Saudi Arabia has reportedly withdrawn the citizenship of a journalist who publicly advocates the normalization of ties with Israel.

Abdul Hameed Al-Ghabin confirmed the news on Twitter, saying he remains unsure of the reasons behind the move. He claims the decision was issued by the Ministry of Interior, yet he was not officially informed of it. "I respect the decision regardless of its rationale. There is nothing we can do but listen and abide," he wrote.

Al-Ghabin has regularly called for building relationships with Israel, published articles in Israeli publications, and even spoken highly of Israeli Prime Minister Benjamin Netanyahu. 

According to the biography found on his website, Al-Ghabin is a writer and political analyst who has written for a number of prominent Arab media outlets, including Al-Jazeera, Okaz, and Al-Riyadh newspapers. He is known for his pro-Israel views, which he often shares in his writings and on his social media platforms. It is no surprise that Al-Ghabin is highly praised by Israeli groups and his pro-Israel videos are shared by official Israeli social media accounts.

"Israel is a peaceful state and it only seeks peace," he said in a recent video, in which he reiterated his encouragement of the cooperation between Saudi Arabia and Israel as well as the establishment of political, economic, and military ties between the two entities. 

Despite the decision to withdraw his citizenship, Al-Ghabin continues to express support for the Saudi leadership. In a tweet shared on Wednesday, the journalist posted a photo including Saudi King Salman bin Abdulaziz Al Saud and Crown Prince Mohammad bin Salman. "This great leadership represents justice and security," he wrote.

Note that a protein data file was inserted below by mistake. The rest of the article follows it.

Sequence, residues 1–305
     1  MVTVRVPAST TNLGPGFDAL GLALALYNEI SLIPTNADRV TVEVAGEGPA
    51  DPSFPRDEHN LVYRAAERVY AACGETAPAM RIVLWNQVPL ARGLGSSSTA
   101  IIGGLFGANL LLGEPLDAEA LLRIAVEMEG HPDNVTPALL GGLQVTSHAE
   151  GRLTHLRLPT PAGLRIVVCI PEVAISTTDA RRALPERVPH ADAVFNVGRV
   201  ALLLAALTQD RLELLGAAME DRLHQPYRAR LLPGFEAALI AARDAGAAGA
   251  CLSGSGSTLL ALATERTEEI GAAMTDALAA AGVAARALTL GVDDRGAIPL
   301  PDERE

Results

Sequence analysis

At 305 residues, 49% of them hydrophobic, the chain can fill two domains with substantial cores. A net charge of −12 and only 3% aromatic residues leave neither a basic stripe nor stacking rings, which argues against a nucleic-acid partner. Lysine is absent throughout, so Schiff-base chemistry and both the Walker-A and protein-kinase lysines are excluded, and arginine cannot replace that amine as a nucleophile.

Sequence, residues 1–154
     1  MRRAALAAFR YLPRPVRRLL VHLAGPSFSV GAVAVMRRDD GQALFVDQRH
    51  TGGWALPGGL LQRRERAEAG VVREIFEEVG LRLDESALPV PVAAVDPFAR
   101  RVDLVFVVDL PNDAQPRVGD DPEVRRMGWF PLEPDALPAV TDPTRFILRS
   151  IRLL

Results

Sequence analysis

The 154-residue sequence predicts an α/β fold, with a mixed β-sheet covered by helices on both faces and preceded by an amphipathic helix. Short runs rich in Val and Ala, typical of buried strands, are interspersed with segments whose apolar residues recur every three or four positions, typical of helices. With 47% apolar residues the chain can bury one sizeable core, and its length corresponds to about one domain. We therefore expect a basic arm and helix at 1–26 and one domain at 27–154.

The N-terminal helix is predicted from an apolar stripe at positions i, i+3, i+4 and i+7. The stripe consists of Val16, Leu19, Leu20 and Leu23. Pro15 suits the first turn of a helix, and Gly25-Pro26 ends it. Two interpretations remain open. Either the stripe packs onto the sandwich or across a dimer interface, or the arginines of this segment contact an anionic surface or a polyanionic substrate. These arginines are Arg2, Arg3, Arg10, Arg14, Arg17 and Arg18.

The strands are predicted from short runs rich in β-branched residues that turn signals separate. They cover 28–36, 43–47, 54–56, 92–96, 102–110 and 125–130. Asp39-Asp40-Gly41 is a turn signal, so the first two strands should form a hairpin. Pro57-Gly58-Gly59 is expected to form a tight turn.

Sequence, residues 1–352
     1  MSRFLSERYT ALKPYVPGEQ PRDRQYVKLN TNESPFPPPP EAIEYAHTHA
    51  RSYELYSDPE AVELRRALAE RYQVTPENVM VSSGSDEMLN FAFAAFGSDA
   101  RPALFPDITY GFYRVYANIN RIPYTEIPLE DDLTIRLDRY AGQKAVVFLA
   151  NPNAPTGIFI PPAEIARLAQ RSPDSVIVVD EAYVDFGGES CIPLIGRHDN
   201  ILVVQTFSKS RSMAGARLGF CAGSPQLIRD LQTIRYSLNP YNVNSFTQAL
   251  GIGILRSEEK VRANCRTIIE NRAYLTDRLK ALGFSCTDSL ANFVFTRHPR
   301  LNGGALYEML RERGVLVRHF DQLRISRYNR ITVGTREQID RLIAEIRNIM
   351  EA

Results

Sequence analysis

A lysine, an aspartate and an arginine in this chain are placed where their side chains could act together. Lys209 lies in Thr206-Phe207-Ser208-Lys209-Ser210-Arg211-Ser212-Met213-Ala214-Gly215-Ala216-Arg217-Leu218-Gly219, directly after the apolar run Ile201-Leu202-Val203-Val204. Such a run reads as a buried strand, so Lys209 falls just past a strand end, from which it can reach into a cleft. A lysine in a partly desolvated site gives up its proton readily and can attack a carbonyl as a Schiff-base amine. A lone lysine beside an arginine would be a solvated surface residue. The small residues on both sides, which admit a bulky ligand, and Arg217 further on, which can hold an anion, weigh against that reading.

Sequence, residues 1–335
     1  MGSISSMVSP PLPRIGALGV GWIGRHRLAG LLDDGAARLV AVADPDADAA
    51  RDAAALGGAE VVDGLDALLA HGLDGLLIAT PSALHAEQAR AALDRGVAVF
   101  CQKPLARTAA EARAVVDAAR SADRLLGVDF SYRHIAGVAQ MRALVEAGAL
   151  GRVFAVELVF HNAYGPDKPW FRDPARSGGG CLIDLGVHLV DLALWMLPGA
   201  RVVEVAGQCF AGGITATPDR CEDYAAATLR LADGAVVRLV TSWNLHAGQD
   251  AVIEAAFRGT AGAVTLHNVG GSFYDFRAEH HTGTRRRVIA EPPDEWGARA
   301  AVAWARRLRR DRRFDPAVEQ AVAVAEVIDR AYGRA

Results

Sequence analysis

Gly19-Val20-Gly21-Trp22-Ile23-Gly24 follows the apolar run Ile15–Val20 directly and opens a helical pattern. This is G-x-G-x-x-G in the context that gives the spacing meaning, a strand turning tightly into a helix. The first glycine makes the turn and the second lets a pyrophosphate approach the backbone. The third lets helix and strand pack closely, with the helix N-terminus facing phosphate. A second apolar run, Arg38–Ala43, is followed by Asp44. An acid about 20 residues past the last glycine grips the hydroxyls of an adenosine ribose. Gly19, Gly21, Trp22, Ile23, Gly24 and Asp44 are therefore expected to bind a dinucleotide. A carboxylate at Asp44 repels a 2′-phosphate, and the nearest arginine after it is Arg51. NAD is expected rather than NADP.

In a blatant offense to the Palestinian identity and right to self-determination, Al-Ghabin believes Palestinians who refuse to live under Israeli rule should be deported to Jordan, while those living in other countries should be naturalized. "After nearly 70 years of resistance and the loss of dozens of opportunities, the Palestinian issue must be eliminated," he once said on Saudi Arabian television.

In November, he posted a tweet praising Netanyahu and addressing him with respect and support. "You deserve to be honored with the greatest of leaders," he wrote.

His pro-Israel stance is widely believed to have triggered the withdrawal of his Saudi citizenship.

According to Article 13 of the Saudi Arabian Citizenship System, the Saudi citizenship may be withdrawn in the following cases:

a. If the Saudi citizen obtained another citizenship and violated Article 11 of this system.

b. If the Saudi citizen worked at the Armed Forces of a foreign government without obtaining the permission of the Saudi government.

c. If the Saudi citizen worked for the benefit of a foreign government during its wartime with the kingdom of Saudi Arabia.

d. If the Saudi citizen accepted working for a foreign government or international organization and remained working for them despite the Saudi government's order for him to quit.

Saudi Arabia and Israel have no official diplomatic ties. The kingdom prohibits people holding passports with Israeli visas from entering its territory, according to The Telegraph.

The kingdom has maintained for years that normalizing relations with Israel depends on an Israeli withdrawal from Arab lands captured during the 1967 Middle East war. The Saudi government has repeatedly called for the recognition of a Palestinian state built on the lands that Israel captured in the 1967 war. That sovereign state would compose of the West Bank, Gaza, along with East Jerusalem as its capital.

However, in the recent past, increased tensions between Riyadh and Tehran have fueled speculation that shared interests may push Saudi Arabia and Israel to work together against a common Iranian threat.

In April 2018, Saudi Crown Prince Mohammed bin Salman said Israelis were entitled to live peacefully on their own land. 

"There are a lot of interests we share with Israel and if there is peace, there would be a lot of interest between Israel and the Gulf Cooperation Council countries", Prince Mohammed told The Atlantic in an interview.